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Turning The Tide On Metastatic Melanoma

Turning The Tide On Metastatic Melanoma

Metastatic melanoma is an aggressive form of skin cancer that has been particularly prevalent in South Georgia for years. But there's good news on the horizon. With a strong emphasis on prevention, regular screenings, and the advent of new, cutting-edge treatments, we're seeing survival rates improve.

So what is metastatic melanoma, you ask? Why is it something we see more often around here? Who is at risk?

Archbold Medical Oncologist Dr. Amanda May has all the answers to your questions and more. Keep reading to learn about the impact and strategies Archbold is using to combat this severe condition in South Georgia and North Florida.

What is Melanoma?

Melanoma is a type of skin cancer that originates in the melanocytes, the cells responsible for producing melanin, which gives skin its color.

“Melanoma is the most serious form of skin cancer because it can spread rapidly to other parts of the body if not detected and treated early,” says Dr. May.

What is Metastatic Melanoma?

Metastatic melanoma, also known as stage IV melanoma, occurs when cancer cells from the original melanoma site spread to other parts of the body. This spreading can affect vital organs, including the lungs, liver, bones, or brain.

“Unlike the earlier stages of melanoma that can be localized to the skin, metastatic melanoma is more challenging to treat and requires advanced medical interventions,” said Dr. May.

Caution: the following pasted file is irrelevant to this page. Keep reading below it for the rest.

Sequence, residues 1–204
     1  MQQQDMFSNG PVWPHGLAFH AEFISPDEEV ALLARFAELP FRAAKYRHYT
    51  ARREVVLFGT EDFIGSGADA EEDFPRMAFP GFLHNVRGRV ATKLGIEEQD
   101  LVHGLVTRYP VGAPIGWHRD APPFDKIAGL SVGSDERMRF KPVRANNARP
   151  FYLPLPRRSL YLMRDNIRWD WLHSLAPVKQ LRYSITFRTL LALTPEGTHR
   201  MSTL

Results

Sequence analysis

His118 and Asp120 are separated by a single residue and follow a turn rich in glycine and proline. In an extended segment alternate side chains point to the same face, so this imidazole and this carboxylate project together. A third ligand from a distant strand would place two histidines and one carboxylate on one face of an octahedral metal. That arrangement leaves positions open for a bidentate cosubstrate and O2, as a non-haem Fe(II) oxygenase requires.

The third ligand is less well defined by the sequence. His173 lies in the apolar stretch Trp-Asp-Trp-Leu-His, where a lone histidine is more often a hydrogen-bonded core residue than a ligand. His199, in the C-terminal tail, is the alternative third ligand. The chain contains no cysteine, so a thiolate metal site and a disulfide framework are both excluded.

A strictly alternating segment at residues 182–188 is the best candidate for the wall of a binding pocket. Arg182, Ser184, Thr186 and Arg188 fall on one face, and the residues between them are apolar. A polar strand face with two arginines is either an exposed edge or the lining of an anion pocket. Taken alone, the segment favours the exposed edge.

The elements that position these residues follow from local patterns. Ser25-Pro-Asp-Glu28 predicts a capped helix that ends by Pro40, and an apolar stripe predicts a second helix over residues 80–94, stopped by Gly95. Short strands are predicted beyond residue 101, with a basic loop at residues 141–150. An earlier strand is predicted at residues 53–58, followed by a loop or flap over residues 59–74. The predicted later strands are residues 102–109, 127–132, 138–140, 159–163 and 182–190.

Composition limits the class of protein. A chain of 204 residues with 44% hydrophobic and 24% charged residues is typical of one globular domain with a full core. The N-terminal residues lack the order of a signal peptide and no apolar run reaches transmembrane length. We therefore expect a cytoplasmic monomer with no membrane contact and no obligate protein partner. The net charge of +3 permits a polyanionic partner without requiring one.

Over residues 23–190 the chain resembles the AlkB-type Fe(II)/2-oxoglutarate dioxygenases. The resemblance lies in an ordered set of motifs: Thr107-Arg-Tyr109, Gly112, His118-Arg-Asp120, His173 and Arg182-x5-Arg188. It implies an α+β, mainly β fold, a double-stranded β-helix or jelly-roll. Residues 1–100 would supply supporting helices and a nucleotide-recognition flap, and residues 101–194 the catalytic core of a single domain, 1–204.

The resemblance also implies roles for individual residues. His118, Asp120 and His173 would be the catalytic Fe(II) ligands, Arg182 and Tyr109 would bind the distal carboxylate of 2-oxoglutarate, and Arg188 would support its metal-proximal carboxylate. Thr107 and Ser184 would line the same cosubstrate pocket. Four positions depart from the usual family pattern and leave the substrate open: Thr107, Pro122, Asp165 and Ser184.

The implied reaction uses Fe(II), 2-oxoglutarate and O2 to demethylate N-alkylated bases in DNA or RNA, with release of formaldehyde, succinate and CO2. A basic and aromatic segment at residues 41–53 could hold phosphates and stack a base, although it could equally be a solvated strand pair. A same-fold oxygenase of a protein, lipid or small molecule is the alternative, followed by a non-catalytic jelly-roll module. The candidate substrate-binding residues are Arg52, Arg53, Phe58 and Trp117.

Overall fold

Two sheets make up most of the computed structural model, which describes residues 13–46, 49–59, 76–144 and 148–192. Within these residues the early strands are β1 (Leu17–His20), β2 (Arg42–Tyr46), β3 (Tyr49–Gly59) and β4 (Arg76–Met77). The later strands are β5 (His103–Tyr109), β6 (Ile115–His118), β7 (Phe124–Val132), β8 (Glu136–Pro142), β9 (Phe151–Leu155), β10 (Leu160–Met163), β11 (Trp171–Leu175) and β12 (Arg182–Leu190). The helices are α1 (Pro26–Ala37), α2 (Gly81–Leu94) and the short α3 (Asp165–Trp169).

Dr. May added, “While melanoma accounts for only a small percentage of skin cancer cases, it’s responsible for the majority of skin cancer deaths, highlighting the importance of awareness and early intervention.”

Why is it Prevalent in South Georgia?

According to Dr. May, the higher prevalence of metastatic melanoma in South Georgia can be attributed to several environmental and lifestyle factors, including the following:

  • Sun Exposure
    South Georgia’s warm climate and outdoor lifestyle contribute to prolonged sun exposure, increasing the risk of UV radiation damage. UV radiation is a proven risk factor for all skin cancers, including melanoma.
  • Agricultural Lifestyle
    Many residents are involved in agriculture, leading to extended periods spent outdoors without adequate sun protection.
  • Healthcare Access
    There are challenges in healthcare access and disparities in health education, which can delay the diagnosis of melanoma, allowing it to progress to the metastatic stage.

Who is Most Susceptible to Developing Metastatic Melanoma?

While anyone can develop metastatic melanoma, Dr. May advises that several factors can significantly elevate your risk.

“Prolonged exposure to UV radiation, either from the sun or tanning beds, which can damage skin cells and lead to cancerous mutations,” said Dr. May. “People with fair skin, light eyes, and red or blonde hair are particularly vulnerable, as they have less melanin to protect against UV radiation.”

According to Dr. May, a family history of melanoma also increases the likelihood, suggesting a genetic predisposition to this cancer. Additionally, a history of severe sunburns, especially during childhood, can drastically raise the risk of developing melanoma later in life.